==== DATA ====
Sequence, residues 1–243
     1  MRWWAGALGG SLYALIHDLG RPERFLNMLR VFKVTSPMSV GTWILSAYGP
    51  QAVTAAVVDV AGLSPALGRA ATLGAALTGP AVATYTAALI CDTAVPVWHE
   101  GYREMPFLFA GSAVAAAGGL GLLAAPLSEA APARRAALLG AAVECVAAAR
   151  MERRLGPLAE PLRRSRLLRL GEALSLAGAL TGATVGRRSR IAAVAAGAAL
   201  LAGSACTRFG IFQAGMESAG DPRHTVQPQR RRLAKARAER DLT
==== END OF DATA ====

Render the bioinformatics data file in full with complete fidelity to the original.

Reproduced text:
Sequence, residues 1–243
     1  MRWWAGALGG SLYALIHDLG RPERFLNMLR VFKVTSPMSV GTWILSAYGP
    51  QAVTAAVVDV AGLSPALGRA ATLGAALTGP AVATYTAALI CDTAVPVWHE
   101  GYREMPFLFA GSAVAAAGGL GLLAAPLSEA APARRAALLG AAVECVAAAR
   151  MERRLGPLAE PLRRSRLLRL GEALSLAGAL TGATVGRRSR IAAVAAGAAL
   201  LAGSACTRFG IFQAGMESAG DPRHTVQPQR RRLAKARAER DLT